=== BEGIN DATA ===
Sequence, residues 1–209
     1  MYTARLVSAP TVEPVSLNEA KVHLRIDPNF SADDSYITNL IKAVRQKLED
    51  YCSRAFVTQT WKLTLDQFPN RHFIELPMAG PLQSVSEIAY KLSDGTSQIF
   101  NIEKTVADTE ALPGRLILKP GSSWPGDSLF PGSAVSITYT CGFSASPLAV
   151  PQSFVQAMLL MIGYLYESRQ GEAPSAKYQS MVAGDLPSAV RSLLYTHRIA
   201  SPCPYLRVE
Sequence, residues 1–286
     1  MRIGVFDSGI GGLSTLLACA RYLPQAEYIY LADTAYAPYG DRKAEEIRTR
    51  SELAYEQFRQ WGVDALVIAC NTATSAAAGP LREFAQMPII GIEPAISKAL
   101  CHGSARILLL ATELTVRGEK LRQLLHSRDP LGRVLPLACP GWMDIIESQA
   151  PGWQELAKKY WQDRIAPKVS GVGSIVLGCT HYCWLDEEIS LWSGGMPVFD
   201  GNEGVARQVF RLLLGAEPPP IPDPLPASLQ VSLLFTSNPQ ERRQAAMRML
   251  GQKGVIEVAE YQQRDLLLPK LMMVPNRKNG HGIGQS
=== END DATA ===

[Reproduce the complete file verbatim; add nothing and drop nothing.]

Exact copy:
Sequence, residues 1–209
     1  MYTARLVSAP TVEPVSLNEA KVHLRIDPNF SADDSYITNL IKAVRQKLED
    51  YCSRAFVTQT WKLTLDQFPN RHFIELPMAG PLQSVSEIAY KLSDGTSQIF
   101  NIEKTVADTE ALPGRLILKP GSSWPGDSLF PGSAVSITYT CGFSASPLAV
   151  PQSFVQAMLL MIGYLYESRQ GEAPSAKYQS MVAGDLPSAV RSLLYTHRIA
   201  SPCPYLRVE
Sequence, residues 1–286
     1  MRIGVFDSGI GGLSTLLACA RYLPQAEYIY LADTAYAPYG DRKAEEIRTR
    51  SELAYEQFRQ WGVDALVIAC NTATSAAAGP LREFAQMPII GIEPAISKAL
   101  CHGSARILLL ATELTVRGEK LRQLLHSRDP LGRVLPLACP GWMDIIESQA
   151  PGWQELAKKY WQDRIAPKVS GVGSIVLGCT HYCWLDEEIS LWSGGMPVFD
   201  GNEGVARQVF RLLLGAEPPP IPDPLPASLQ VSLLFTSNPQ ERRQAAMRML
   251  GQKGVIEVAE YQQRDLLLPK LMMVPNRKNG HGIGQS